The preferred methods also include providing a pressurized drying gas to at least one pressure zone. The pressurized drying gas is preferably heated. The heated condition of this gas serves to improve performance of the methods in several significant respects. Firstly, the heated drying gas increases the cleaning efficiency of the cleaning processes because the carpet or other surface being cleaned is better able to be freed of grease and oils at the higher temperatures. The higher temperatures also serve with the preferred application of heated cleaning fluids, such as hot water and detergent solutions, by keeping those solutions at a higher temperature while the cleaning fluids are in the carpet fibers. This is significant for improved cleaning, dislodgement of debris, and removal of stains such as notorious combinations of greases and dirts which resist cleaning. Heated gases are of foremost significance in speeding the volatilization and drying of water and any other liquids which may be applied during cleaning. Also, when the system is used to remove floodwater or other liquid, the drying gas greatly speeds volatilization of these liquids from the carpet or other surface.

Methods according to this invention also preferably include jetting or otherwise discharging pressurized gas against the surface being cleaned. This is preferably accomplished from jets emitting within the working area, and more preferably within said at least one pressure zone. This discharging and jetting action is significant in greatly speeding the drying rate. This is of particular significance with regard to methods for drying carpet, or both cleaning and drying carpet. The jetting action is also significant in agitating carpet fibers and other surfaces being cleaned to help by dislodging particles and liquids therefrom. The use of high pressure jets of drying and agitating gas further is important in providing relatively large volume flow rates which help to carry away the moisture which aids in the drying process.

The methods further preferably include passing the pressurized drying gas over at least one zone partition wall extending between the pressure zone or zones and the vacuum zone or zones. The preferred passing of the pressurized drying gas or gases causes the gases to move along the surface and this increases the potential for dislodgement of debris and liquids, and also speeds drying. This step can be effected by passing the pressurized gas over a zone partition wall which is intermittently open, such as at the crenelations discussed above. This facilitates continued but controlled air flow rates even though the cleaning head may be in close proximity and flow of air between the pressure and vacuum zones would otherwise be too restricted.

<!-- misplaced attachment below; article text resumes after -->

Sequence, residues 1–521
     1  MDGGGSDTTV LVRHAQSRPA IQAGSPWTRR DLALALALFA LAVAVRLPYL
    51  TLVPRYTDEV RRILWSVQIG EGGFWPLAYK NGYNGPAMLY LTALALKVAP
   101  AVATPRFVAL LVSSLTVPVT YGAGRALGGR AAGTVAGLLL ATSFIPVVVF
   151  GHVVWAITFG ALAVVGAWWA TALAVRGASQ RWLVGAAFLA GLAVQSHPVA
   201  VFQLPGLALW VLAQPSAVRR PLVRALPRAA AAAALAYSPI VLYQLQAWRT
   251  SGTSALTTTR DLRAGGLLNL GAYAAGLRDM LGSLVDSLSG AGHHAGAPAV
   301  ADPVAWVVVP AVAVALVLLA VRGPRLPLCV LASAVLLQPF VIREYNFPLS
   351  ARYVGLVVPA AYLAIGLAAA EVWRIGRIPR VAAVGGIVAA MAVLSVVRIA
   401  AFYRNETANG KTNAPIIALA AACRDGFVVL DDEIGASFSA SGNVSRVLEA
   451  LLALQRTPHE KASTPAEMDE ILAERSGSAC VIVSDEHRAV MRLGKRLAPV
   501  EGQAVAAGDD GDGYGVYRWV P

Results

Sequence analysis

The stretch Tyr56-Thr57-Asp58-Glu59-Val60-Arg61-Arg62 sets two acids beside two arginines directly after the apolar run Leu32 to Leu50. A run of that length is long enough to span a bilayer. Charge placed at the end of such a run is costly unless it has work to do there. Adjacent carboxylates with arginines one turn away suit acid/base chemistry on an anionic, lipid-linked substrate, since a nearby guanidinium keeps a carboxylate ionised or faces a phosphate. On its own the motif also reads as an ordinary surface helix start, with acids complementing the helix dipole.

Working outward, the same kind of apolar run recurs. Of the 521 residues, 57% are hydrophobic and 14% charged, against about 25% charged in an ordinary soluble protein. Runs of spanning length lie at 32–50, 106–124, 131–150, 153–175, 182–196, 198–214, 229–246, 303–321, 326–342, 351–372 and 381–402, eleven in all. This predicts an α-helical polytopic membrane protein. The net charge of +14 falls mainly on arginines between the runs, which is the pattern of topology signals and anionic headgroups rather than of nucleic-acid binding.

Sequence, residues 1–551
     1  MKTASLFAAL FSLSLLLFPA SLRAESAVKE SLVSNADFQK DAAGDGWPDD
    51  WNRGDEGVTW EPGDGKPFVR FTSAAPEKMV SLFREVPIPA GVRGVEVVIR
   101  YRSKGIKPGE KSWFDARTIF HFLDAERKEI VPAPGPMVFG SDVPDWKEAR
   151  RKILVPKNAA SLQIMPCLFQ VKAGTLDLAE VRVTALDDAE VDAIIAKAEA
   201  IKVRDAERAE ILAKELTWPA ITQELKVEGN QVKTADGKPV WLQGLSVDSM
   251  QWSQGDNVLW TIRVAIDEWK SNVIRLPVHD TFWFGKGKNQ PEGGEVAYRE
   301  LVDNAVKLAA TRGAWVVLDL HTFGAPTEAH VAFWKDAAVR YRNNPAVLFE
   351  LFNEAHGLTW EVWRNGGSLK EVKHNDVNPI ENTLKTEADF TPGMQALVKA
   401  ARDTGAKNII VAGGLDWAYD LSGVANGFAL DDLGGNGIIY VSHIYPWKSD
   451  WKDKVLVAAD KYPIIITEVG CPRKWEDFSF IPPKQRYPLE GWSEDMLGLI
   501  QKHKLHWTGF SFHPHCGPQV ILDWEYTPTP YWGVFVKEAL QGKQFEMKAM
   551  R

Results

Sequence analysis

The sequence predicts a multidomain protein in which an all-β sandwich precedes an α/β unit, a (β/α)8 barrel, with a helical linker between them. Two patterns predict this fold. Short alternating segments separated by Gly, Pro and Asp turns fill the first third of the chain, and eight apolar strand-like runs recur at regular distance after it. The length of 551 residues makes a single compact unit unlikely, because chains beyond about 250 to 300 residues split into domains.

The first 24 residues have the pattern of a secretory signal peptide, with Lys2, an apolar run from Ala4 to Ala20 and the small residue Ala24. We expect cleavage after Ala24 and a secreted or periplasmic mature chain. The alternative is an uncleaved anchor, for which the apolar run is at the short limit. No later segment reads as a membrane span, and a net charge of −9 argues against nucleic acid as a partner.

Methods according to the invention can further include discharging a cleaning fluid, such as chemicals, water and detergent, or others within the working area. This leads to applying the cleaning fluids to the surface being cleaned because the fluids are released into the working area and are communicated to the surface by the turbulence of the rushing gases, or by directly spraying the cleaning fluids upon the surface.

Methods according to the invention further include evacuating or withdrawing gases and debris from the vacuum zone or zones. The evacuating is effective at removing pressurized gases supplied to the pressure zones to remove the drying gas, debris and any other fluids from the at least one vacuum zone and adjacent surface being cleaned. The removed gases, fluids and debris can then be suitably contained and disposed of as the situation warrants. In the typical carpet cleaning situation contemplated herein, the gases can be released and the liquid and debris is contained within a soiled water container and properly handled for ultimate disposal.

In compliance with the statute, the invention has been described in language more or less specific as to structural and methodical features. It is to be understood, however, that the invention is not limited to the specific features shown and described, since the means herein disclosed comprise preferred forms of putting the invention into effect. The invention is, therefore, claimed in any of its forms or modifications within the proper scope of the appended claims appropriately interpreted in accordance with the doctrine of equivalents.

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Classifications
U.S. Classification15/321, 15/345, 15/322
International ClassificationA47L11/34, A47L9/02, A47L9/08
Cooperative ClassificationA47L9/08, A47L11/4088, A47L11/4044, A47L9/02, A47L11/34
European ClassificationA47L11/40F6, A47L11/40N6, A47L9/02, A47L11/34, A47L9/08
Legal Events
DateCodeEventDescription
Jun 12, 2012FPExpired due to failure to pay maintenance fee
Effective date: 20120425
Apr 25, 2012LAPSLapse for failure to pay maintenance fees
Dec 5, 2011REMIMaintenance fee reminder mailed
Oct 9, 2007FPAYFee payment
Year of fee payment: 8
Oct 16, 2003FPAYFee payment
Year of fee payment: 4
May 8, 2001CCCertificate of correction